Talking about strong, independent voices, we could go back the decades to Joe Sheridan, who I knew very well, who ran in Longford-Westmeath. He had a strong, independent voice. After all, the slogan was 'Vote for Joe, the man you know', and he gathered votes from the farthest reach of Longford to the bridge of Athlone and beyond. He garnered the vote he got because he was Independent, was prepared to speak out, and was a very likeable person.

One can point to various other Independents, but that was my direct observation from those general elections of the 1960s and the pivotal role that Joe Sheridan played in the Dail and public life at that time. He had the ear of Sean Lemass and was well able to exercise his power in that regard.

So I have a formula for you, Peter - whether you take it or not is entirely up to yourself. I feel there is a role for you to run as an Independent candidate in the constituency of Donegal come the next general election. Donegal is a five-seater, and against that electoral background a strong Independent would have an almost certain chance of gaining a seat (I can assure you there is no shifting Pat the Cope or Charlie McConalogue).

So you win the seat, you are in Dail Eireann, and you can play your cards accordingly as the results of that election flow in. I would be very surprised indeed if you were not in a position to wield your influence when the electoral picture is fully realised after the next general election.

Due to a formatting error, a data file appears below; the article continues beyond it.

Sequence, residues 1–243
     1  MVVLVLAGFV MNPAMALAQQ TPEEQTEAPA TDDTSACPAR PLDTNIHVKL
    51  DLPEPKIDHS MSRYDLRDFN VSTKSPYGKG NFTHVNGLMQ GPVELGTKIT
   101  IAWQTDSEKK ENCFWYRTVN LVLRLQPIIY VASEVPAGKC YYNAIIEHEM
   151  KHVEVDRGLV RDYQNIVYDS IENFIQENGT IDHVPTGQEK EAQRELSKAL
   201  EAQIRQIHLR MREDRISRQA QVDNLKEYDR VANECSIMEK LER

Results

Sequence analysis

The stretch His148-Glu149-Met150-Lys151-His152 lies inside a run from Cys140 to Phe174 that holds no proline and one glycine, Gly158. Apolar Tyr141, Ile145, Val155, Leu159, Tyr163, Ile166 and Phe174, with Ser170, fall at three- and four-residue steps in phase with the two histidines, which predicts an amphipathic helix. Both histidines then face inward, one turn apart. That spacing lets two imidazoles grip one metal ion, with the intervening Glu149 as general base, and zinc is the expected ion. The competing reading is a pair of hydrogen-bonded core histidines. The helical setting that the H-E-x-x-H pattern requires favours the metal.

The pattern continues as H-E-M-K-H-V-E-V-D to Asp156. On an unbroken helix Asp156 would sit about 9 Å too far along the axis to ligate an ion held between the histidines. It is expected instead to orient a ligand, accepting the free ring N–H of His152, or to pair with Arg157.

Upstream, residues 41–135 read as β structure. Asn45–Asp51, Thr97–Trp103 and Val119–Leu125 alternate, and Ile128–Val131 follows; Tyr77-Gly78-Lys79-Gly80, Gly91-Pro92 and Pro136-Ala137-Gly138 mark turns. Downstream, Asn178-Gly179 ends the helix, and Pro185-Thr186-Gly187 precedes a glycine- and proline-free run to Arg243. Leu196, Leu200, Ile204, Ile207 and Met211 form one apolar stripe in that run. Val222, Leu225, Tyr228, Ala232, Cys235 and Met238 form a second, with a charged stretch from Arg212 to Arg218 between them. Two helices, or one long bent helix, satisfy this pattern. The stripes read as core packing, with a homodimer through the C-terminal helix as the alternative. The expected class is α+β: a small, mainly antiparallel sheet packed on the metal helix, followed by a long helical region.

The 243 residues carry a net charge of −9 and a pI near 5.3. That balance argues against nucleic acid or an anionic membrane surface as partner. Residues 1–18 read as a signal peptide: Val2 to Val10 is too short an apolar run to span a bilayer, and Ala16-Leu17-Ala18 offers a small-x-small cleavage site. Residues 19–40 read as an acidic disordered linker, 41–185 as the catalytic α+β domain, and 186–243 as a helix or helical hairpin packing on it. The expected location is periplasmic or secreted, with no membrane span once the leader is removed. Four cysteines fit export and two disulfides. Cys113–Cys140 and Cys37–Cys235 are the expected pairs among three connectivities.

So Peter, gather around you a good, firm group of supporters. You will need those. As you know Donegal is a vast area and you will need strong-minded people who are willing to walk the terrain and talk the talk for you.

Keep your open demeanour and your general likeability, and your propensity to speak out on issues. You will get plenty of opportunity because a general election will loom in 2019 and you will have the opportunity to flex your muscles.

Let me also explain to you, Peter, that I heard you recently mention that you would set up a new political party. Sadly the example of new political parties succeeding is very dim in Irish politics, and it would be a very time-consuming and slow process for you to engage in. In brief, I think you should forget that angle and go instead to campaign for an Independent vote in Donegal.

I'm sure you will take this advice in a kindly fashion, based as it is on long experience of the body politic.

Yours truly,

Mary O'Rourke

(PS: By the way, Fianna Fail will be the surprise packet come the next general election, just as they were in 2016.

I have been around the country to various seminars and lectures, mostly in connection with the centenary of the vote for women in 1918. Everywhere I went I found a warm spirit towards Fianna Fail, no matter what the present polls say. This echoes what I forecast back in 2016 also. We will gain seats where we don't expect them, so let's wait and see.)